I recently wrote to Oxfam, a charity which dates back to famine relief undertaken by some Oxford colleges in 1942. They campaigned for food supplies to be sent to the starving in Greece during the Second World War. ‘Oxfam Ireland is my favourite local charity. I frequently donate to the shop in Francis Street, Dublin 8. I do hope what has happened abroad will not diminish the work done here. All good wishes, Mark.’ They kindly wrote back ‘Dear Mark, thank you so much for your support and your lovely words – your solidarity is so very appreciated at this difficult time. Francis Street and Oxfam is lucky to have as committed supporter as you. Thanks again for your ongoing support, Mark. If at any point you’d like to discuss this further, please let me know and we can give you a call to discuss, at a time that suits you. With best wishes, Clíona Martyn, Oxfam Ireland.

The Public Record Office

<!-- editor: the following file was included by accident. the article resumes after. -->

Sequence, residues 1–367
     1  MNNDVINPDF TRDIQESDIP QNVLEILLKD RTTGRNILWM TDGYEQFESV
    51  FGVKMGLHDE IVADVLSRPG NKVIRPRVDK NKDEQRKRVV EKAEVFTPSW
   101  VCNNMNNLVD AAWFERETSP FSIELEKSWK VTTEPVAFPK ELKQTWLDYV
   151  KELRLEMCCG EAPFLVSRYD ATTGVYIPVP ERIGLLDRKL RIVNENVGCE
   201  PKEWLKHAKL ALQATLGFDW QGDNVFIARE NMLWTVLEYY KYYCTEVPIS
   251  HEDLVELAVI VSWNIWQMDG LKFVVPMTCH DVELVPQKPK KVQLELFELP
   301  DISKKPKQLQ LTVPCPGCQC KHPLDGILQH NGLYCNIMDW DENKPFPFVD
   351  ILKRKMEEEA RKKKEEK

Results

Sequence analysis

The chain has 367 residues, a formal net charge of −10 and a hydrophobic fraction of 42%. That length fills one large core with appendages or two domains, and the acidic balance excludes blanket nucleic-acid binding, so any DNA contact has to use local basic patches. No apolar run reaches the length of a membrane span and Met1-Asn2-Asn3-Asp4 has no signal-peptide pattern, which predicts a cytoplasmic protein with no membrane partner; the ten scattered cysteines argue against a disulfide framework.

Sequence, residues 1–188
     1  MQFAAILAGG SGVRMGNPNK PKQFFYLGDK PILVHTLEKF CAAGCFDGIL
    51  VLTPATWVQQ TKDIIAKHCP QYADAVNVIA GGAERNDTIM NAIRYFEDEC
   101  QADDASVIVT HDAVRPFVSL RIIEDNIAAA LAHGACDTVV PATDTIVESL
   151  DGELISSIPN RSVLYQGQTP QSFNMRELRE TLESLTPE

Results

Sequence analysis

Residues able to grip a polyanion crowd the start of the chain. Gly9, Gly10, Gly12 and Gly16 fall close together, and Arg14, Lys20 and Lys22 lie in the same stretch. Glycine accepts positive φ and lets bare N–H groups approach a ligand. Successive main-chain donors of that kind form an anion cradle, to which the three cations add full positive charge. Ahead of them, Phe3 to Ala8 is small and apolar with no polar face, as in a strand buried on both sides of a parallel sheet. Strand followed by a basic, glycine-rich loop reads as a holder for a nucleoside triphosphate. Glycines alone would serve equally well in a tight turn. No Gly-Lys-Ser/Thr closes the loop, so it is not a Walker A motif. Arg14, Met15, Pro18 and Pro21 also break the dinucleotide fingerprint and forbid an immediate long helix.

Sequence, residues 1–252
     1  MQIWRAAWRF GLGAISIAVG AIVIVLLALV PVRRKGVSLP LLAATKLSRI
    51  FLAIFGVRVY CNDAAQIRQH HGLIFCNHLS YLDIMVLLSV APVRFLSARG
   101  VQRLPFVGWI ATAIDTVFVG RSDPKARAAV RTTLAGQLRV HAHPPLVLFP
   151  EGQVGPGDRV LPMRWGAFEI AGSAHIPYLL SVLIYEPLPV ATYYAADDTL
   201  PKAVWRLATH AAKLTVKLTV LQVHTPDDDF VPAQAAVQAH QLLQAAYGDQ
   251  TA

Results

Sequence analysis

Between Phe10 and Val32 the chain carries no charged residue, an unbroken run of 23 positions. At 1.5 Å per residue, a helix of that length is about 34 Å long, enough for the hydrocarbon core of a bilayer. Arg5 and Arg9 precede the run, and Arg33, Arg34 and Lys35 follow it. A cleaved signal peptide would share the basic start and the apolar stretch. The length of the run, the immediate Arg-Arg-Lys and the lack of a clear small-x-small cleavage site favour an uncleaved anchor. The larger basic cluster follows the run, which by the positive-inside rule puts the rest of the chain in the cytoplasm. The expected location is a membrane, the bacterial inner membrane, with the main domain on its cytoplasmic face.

A project is under way to digitally recreate the building and contents of the Public Record Office of Ireland, which were destroyed by an explosion and fire at Dublin’s Four Courts on 30 June 1922 during the Civil War. Seven centuries of Ireland’s historical and genealogical records were lost, seemingly forever. However, thanks to new technology, historical research and careful archival practise, Trinity College Dublin says these losses “are not irrecoverable”. The “Beyond 2022: Ireland’s Virtual Record Treasury” project will see the creation of a virtual reality reconstruction of the Public Record Office. The university said: “[This] will allow the public to walk through the building and explore surviving records and substitute copies located in archives and libraries around the world.” TCD believes the project has the potential to transform how people understand Ireland’s past. “By reconstructing these records, which collectively comprise millions of historical and genealogical facts, we have the potential to transform the evidence base on which Irish history is written,” said Dr Peter Crooks, Principal Investigator of the project and Assistant Professor, School of Histories and Humanities. “Because the archival collections date from such an early period of history, the reconstruction effort will allow anyone with an interest in researching their families or localities to engage in deep history, reaching back almost half a millennium earlier than most readily available genealogical resources.” Dr Séamus Lawless, Assistant Professor, ADAPT Centre and School of Computer Science, commented on the scientific and technological challenge posed by the project. The project, funded by the Irish Research Council, is in collaboration with Trinity’s four archival partners: The National Archives of Ireland, The National Archives (UK), The Public Record Office of Northern Ireland and The Irish Manuscripts Commission. “The collaboration between Trinity and its archival partners is a symbolic moment. It represents imaginative cooperation in order to realise a shared ambition of recreating virtually the holdings of the Public Record Office of Ireland by the year 2022,” said John McDonough, Director of the National Archives. The completed project will be made available on the centenary of the Four Courts fire in 2022, website